Shoot while waiting
So last week we looked at positioning the sun at an exact point in time. That image started about two hours before sunset as I arrived at the location and started scouting for a sunset composition. But now that a suitable composition has been found and we still have one to two hours to burn before sunset, what do we do? I always use this time for three things:
1. Look for secondary compositions. I always try to find two or three additional compositions. When the sun dips below the horizon there is still enough light to shoot for some time. That light fades fast, which does not leave enough time to find new compositions. With two or three more compositions already lined up (during the waiting time), I can move quickly and take those images thus converting a one image shoot into three or four images.
2. Look for future images. I spend some time looking long into the future. What if I could get the sun at this or that angle, months later? What if I could place the moon here or there. I start working on future possibilities because you have heard me say (often) that I go back to the same location over and over. Once I get home, I will open the Photographer's Ephemeris and work out when the sun and the moon will be where I need them to be in the scene (if at all).
3. I shoot. Yes, even in not-so-good light. Why? A number of years ago most cameras could only "see" 8 or 9 stops of dynamic range. But today's cameras can see 14 to 15 stops of dynamic range. Furthermore, today's HDR software is great. What this means is that we can get images that were just not possible (or nice) in the past. You can sometimes even shoot directly into the sun and include the sun in the frame in less than good light.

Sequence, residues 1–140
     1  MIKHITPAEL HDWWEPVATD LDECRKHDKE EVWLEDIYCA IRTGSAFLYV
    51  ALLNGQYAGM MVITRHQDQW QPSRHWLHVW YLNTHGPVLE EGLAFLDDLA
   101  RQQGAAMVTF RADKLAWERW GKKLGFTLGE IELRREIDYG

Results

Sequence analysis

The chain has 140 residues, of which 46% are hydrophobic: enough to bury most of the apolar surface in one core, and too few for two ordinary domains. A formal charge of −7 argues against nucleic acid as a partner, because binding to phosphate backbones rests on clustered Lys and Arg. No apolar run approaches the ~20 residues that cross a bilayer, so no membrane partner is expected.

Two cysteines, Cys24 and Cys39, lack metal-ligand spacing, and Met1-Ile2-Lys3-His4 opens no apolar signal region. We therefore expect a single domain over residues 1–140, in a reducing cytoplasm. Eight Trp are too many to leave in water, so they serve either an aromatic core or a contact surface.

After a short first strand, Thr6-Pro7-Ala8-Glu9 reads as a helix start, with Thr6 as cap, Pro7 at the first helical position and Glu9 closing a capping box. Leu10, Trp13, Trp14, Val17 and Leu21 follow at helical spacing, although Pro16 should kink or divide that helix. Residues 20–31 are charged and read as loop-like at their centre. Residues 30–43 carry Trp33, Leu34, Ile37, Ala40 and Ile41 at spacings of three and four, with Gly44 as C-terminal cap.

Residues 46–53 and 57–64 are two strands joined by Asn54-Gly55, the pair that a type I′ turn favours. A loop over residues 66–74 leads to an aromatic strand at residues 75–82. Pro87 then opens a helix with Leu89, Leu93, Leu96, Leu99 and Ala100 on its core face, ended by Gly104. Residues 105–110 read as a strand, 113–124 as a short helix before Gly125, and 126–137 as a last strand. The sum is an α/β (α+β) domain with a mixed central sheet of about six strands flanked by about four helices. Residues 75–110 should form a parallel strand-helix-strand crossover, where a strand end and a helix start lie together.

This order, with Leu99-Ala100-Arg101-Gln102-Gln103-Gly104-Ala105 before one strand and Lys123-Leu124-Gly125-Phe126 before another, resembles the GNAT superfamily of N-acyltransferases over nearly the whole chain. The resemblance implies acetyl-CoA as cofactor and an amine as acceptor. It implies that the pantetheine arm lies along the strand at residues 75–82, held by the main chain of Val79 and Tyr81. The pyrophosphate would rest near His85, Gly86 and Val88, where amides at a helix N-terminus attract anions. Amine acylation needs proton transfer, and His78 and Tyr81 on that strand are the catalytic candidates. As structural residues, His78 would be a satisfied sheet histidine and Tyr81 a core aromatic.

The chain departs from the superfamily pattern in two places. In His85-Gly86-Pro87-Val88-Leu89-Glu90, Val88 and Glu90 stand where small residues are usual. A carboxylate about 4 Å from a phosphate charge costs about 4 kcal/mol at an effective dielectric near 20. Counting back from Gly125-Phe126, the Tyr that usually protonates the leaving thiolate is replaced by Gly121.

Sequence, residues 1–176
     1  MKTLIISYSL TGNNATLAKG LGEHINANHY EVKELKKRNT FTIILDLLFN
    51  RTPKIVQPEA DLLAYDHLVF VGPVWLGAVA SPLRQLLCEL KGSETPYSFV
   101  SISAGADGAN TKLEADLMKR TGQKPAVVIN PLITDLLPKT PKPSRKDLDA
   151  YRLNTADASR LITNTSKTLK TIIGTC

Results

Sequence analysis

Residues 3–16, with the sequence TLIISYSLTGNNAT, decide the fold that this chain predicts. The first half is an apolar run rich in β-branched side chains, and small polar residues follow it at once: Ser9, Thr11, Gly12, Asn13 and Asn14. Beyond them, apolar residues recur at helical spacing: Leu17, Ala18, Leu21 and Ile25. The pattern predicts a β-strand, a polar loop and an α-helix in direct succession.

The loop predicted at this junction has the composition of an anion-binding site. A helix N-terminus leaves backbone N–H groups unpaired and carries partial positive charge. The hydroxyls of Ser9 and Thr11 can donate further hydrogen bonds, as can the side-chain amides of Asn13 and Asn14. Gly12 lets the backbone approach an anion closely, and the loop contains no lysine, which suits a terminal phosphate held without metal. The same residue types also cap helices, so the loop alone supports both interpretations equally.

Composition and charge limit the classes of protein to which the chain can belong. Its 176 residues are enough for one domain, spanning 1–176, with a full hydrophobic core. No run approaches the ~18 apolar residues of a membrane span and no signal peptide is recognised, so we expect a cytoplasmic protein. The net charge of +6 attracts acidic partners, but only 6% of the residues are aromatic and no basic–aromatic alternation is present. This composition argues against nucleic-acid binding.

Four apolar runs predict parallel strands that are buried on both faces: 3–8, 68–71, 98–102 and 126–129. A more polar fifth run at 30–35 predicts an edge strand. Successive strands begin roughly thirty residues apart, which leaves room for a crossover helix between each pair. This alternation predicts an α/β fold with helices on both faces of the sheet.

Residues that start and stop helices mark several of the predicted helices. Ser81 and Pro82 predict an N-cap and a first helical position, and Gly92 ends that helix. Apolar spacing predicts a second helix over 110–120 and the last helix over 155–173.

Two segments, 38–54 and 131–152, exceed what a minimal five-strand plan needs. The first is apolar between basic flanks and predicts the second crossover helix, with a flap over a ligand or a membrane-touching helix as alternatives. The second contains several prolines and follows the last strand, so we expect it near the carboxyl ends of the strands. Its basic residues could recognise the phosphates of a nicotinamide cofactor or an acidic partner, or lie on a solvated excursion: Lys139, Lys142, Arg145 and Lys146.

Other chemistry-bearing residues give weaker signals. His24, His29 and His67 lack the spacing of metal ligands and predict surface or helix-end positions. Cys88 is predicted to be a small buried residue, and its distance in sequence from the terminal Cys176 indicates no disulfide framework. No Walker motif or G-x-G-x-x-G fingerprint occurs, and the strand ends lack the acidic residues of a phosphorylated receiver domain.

This is not a great image but it is not terribly bad either. I would much rather have this image than sit in the car and wait, doing nothing. You will be surprised to find out which images sell and which do not. I have given up predicting image sales. I have sold images like this and I have also not sold images that I thought were great and would sell well. Therefore, I don't want to lose any shooting opportunity by idly sitting waiting for time to go by and the light to change.
Now, this does not mean that I am willing to shoot horrible images due to mid-day harsh light. What I am referring to here is shooting starting perhaps an hour before that perfect moment. The light is already beginning to turn. The sun is already less harsh. The shadows are no longer pitch black. Just shoot and see what you get. I have found that in the process of so doing the creative juices start to flow. I start getting into my shooting mode. I start to see more images. On quite a few occasions I discovered better compositions that I had originally decided to use for "the" sunset image, thus changing my final grand attempt for the better.
In short, I very seldom just sit and wait. Get out there and practice our art.
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